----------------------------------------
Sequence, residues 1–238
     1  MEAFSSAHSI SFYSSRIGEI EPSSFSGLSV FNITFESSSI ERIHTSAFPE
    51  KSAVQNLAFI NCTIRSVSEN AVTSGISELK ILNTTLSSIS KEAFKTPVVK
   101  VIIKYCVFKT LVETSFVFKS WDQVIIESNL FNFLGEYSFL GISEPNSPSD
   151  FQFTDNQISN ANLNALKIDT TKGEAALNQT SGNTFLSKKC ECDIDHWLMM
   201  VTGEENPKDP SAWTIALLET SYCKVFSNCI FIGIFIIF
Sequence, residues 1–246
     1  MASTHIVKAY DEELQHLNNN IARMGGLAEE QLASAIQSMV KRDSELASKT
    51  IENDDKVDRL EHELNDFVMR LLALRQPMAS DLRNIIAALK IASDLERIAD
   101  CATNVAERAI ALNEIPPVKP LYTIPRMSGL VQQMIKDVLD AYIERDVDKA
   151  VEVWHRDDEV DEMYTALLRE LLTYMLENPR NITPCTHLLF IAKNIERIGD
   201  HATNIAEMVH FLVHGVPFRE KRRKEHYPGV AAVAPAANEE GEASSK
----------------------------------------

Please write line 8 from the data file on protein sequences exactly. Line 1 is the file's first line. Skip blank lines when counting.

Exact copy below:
     1  MASTHIVKAY DEELQHLNNN IARMGGLAEE QLASAIQSMV KRDSELASKT